The interview is the most significant part of your job search. All of your efforts prior to the interview can be considered "marketing and research", and now you are entering the "sales" portion of the job search. Remember that almost all of the other candidates have similar academic backgrounds to you, but it will be the interview that determines who will be offered employment. You must learn what the employer is seeking in an applicant and match your strengths to those needs. You also need to understand how various employers view the interview process because it gives you insight into your role and what will be expected of you during the employment interview.
When preparing for an interview, you should practice answering some common conversational and behavioral interview questions. Also, review the STAR Method, which provides a logical approach to answering any question by providing a guided approach to using one of your past successes in responding to the question. Common questions include:
- Tell me about yourself.
- What interests you most about this job?
- Why did you choose your major/degree?
- What do you know about our company?
- Tell me about a time when you managed a team project?
- Give me an example of working with a difficult customer/client?
- Give me an example of when you failed.
- Tell me a time when you felt you like you were a success.
- What is your greatest strength/weakness?
- Why should I hire you?
- Tell me about a time when you exhibited leadership skills.
Interview Training Resources
- OptimalResume Interview Trainer: Walton Career Services offers OptimalResume Interview Trainer, an exciting online
tool that helps you practice and develop your interviewing skills. Using this trainer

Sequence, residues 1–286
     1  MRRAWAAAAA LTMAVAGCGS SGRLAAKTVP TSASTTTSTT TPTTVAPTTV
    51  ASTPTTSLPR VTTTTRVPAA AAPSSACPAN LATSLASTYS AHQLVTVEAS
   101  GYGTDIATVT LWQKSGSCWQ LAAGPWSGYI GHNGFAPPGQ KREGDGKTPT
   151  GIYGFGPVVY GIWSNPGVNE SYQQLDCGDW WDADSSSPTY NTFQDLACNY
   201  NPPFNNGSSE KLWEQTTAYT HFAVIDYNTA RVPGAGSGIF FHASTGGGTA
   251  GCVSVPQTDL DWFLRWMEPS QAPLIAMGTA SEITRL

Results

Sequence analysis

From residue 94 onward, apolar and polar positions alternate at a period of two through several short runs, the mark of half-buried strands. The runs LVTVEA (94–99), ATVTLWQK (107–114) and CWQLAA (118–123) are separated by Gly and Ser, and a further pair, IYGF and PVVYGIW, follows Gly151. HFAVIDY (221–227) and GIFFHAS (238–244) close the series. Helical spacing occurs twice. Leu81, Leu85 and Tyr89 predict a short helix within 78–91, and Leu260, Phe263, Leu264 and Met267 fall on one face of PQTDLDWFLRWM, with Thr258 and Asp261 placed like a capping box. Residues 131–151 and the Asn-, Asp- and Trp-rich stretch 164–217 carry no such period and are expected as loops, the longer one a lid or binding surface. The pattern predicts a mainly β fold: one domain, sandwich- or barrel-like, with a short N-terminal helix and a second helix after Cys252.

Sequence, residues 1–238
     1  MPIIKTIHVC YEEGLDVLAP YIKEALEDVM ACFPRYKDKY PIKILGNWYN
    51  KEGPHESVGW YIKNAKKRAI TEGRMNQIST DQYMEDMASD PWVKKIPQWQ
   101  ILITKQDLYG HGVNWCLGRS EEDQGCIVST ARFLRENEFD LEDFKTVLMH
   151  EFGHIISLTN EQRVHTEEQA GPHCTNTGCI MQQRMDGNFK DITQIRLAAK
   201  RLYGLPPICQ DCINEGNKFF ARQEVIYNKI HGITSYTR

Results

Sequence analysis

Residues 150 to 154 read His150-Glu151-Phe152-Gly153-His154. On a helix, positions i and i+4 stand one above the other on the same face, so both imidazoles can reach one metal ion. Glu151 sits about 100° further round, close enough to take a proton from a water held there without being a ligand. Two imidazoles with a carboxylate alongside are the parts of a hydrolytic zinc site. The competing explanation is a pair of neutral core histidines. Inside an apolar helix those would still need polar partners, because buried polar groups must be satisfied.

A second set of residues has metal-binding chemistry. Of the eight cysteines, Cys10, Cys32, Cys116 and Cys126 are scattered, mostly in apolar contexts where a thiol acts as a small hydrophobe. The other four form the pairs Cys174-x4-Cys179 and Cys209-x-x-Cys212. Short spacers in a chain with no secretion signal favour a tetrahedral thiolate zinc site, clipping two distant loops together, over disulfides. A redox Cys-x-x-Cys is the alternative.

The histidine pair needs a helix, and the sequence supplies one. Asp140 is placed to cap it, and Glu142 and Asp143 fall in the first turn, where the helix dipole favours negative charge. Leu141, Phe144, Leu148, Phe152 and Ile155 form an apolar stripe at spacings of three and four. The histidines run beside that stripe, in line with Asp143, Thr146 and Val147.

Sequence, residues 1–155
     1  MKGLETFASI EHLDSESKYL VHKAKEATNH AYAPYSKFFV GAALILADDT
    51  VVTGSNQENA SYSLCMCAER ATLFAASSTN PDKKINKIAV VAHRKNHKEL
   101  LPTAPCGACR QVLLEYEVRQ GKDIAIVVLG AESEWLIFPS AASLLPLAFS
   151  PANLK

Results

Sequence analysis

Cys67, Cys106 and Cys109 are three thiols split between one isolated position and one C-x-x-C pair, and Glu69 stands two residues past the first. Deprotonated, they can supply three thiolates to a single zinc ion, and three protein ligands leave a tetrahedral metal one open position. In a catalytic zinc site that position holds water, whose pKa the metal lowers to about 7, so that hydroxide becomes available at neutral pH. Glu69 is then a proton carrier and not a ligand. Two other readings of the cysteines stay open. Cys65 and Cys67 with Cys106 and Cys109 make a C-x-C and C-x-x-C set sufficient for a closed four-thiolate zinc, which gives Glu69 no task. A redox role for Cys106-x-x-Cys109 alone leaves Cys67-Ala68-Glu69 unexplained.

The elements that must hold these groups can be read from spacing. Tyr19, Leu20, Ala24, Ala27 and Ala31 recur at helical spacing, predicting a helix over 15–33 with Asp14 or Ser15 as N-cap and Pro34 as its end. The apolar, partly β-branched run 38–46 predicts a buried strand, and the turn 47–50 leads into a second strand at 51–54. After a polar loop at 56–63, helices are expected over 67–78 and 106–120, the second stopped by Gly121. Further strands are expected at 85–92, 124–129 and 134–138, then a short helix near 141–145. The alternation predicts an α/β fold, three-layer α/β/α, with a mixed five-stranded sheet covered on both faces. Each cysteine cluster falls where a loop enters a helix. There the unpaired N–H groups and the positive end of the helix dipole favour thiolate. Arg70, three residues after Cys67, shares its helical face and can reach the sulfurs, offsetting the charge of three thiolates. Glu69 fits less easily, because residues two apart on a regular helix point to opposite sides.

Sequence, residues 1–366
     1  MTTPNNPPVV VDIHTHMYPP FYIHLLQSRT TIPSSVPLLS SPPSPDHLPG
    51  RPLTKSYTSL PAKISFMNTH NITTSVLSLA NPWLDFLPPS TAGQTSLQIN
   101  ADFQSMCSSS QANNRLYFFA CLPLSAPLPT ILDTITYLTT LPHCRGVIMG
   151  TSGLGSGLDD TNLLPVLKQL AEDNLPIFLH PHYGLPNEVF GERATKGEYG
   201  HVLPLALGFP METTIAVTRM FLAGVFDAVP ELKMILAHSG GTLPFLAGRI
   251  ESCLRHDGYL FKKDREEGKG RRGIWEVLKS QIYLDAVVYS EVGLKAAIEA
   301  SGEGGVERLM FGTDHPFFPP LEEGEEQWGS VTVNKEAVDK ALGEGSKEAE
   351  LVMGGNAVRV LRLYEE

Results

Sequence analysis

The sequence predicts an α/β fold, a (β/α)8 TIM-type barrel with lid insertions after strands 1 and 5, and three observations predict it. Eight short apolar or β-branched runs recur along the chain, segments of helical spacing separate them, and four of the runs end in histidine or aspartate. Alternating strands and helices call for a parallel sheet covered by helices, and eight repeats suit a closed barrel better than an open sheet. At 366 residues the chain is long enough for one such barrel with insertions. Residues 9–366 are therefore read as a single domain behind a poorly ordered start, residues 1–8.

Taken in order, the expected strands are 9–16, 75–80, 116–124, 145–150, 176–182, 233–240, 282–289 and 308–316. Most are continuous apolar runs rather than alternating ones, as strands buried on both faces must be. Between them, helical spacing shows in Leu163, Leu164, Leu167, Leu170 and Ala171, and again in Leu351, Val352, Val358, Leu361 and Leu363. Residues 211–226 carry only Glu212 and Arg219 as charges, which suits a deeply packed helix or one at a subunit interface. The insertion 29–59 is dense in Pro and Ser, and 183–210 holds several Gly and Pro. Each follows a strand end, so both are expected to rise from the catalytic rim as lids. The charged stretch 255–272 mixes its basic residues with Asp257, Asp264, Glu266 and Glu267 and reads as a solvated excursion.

will allow you to view videos of tough questions from professional interviewers which
you can answer yourself to practice for a real, upcoming interview. This is an online
interview training system which allows you to login and develop your interviewing
skills at any time. With over 1,800 interview questions, answers, and tutorials to
choose from, you can be confident that OptimalResume Interview Trainer can help you
become interview ready.
- New Users: If you have never logged in to OptimalResume, go to: https://uark.optimalresume.com/validate_user.php. Enter your University of Arkansas student ID number and click "Continue". After your account is created, you will be prompted to create a password and complete a profile with your information.
- Returning Users: Go to: https://uark.optimalresume.com/ and login using your full UARK email address.
- For Help: View our first-time user guide.
- HR Interview Questions & Answers: This is a free mobile app that offers sample interview questions, as well as tips on preparing for interviews, group discussions, dressing for interviews, and do's and don'ts for interviews.
- Interview Boot Camp: This PowerPoint presentation provides basic interview tips.
Researching the Organization
It is important to research the organization prior to an interview. You will likely be asked what you know about the company and/or why you would be a good fit for the position. Researching the company before the interview will help you answer these questions. Find out everything you can about the organization – What is their business? Who are their major competitors? What projects/initiatives are they currently working on? The more you know, the more interested and motivated you will appear. Read through the organization's website to learn more about their mission and values. Also, the University Library offers several databases to assist with your research, including LexisNexis, which provides an in depth report of many large organizations.
The most important communication during a job interview is often the unspoken kind. Body language, or nonverbal communication, can let interviewers know more about you than what you tell them.
- Hand Shake: The initial nonverbal impression of the candidate comes through the handshake. Don't be timid, slide you palm all the way in and deliver a firm, confident handshake.